Newness always seems to inspire me. If you follow me on Instagram (I’m @colibri_homestead and you can see pictures here even if you aren’t a user), you’ll know we bought a used RV and fixed it up enough to take our first trip (to the Oregon Coast!). We had to come back mid-trip for a saline infusion (I talk more about that on a recent Instagram post if you’re curious to learn more), and decided this morning it’s better if we skip the second part of our trip. There was relief there, and sadness too. All these things together inspired these words from my heart. Cheers to embracing that which we are taught not to embrace!
It can literally bring you to your knees.
Deeper than your knees. Sometimes in a deep, deep pit where there’s just the smallest glimmer of something that’s not your body’s pain and the messiness spinning out from it.
It can bring shame or embarrassment:
At the parenting you cannot do.
The relationships you cannot maintain.
The independence you lose.
The doing you cannot do.
For me, the toilet in my bedroom and “grandma” diapers in my closet that yes, can be used by those much younger too.
For others the very cane, walker, wheelchair, shower chair, grab bars – the things that can bring freedom if you don’t listen to the shame of your pain.
I had a wise friend share what she had learned from another wise friend about chronic illness: Sickness can be a good teacher if you let it.
And I let those words sink in. Even at their first reading they feel immediately right, and my seeing – it started getting bigger too.
She says somewhere in that conversation: Illness is a chance to practice forgiveness and grace over and over for the things people say or the ways in which they unwittingly cause pain when trying to be helpful.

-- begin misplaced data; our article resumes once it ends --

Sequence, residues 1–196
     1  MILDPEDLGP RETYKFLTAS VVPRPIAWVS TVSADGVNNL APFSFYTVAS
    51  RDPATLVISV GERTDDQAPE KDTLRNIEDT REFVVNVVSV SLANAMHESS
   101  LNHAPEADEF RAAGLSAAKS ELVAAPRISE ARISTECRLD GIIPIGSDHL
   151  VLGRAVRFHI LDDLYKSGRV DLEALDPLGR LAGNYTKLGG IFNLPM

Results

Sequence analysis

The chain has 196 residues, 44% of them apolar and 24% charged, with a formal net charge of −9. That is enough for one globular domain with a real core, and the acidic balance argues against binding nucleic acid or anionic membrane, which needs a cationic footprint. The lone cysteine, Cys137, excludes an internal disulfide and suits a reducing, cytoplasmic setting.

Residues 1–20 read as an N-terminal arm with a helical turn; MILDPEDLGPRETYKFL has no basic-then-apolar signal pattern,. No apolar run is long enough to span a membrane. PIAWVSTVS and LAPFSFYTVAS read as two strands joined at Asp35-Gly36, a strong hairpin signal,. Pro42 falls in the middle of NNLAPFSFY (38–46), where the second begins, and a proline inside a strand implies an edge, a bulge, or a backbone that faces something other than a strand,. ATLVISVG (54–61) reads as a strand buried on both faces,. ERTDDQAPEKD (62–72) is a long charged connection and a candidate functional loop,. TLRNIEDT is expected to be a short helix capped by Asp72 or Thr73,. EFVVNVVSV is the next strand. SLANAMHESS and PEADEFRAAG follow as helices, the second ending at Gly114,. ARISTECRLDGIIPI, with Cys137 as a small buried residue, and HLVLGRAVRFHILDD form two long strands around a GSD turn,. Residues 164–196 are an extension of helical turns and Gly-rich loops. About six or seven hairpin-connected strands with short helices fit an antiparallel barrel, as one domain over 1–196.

I now see it as a chance to practice grace for myself over and over too.
A once-avid gardener and backpacker, I look around me and back to what I know best: the ground beneath my feet. And all I see is death and resurrection. And I think: that’s the key. There’s death, but then from that death resurrection pushes up, like scrappy weeds growing from cracks in the ground to that beautiful unfurling into its fullness of the rhubarb. Even in the forest at darkest night, there is still life swarming all around, like the nematode my son just caught; a great dark-time surprise. My, what I – what we – can catch in the dark! Because there’s its own kind of beauty in the dark and in the dying too.
And I am brought to my knees, with pain still, yet a hope: All the earth’s deaths and resurrections and all the seasons of my suffering – my own little deaths and resurrections, bring me close to him, the One who was present at creation, who lived in an earthly body with its pains, and is the very archetype of dying and rising again.
So now when pain hits and brings me to my knees for days or weeks or months or minutes, I remember to listen and learn and bring with me all that I have gathered along the way:
To fall into death and remember it is always followed by resurrection, even if it is just a small enough break to empty that toilet by my bed.
How all those little resurrections build and they build and they build until they outstrip my fear of death; my fear of that pit.
How now, all that pit holds is the potential for new life.
And then the pit loses its death grip on me. And I am brought closer and closer through this dying and resurrecting that my physical pain brings to the One who embodied it resulting in deep, deep union. Ah, that sweet, sweet union. Union that only the co-knowers know.
And I realize all along what the Beatitudes have told me: that those things that look more to the world like un-gifts are really the greatest gifts of all. And I do the impossible, or what some would say is imprudent, foolish: I somehow embrace my physical suffering. Pain then becomes gift, even as you both wish it away and somehow rest in it.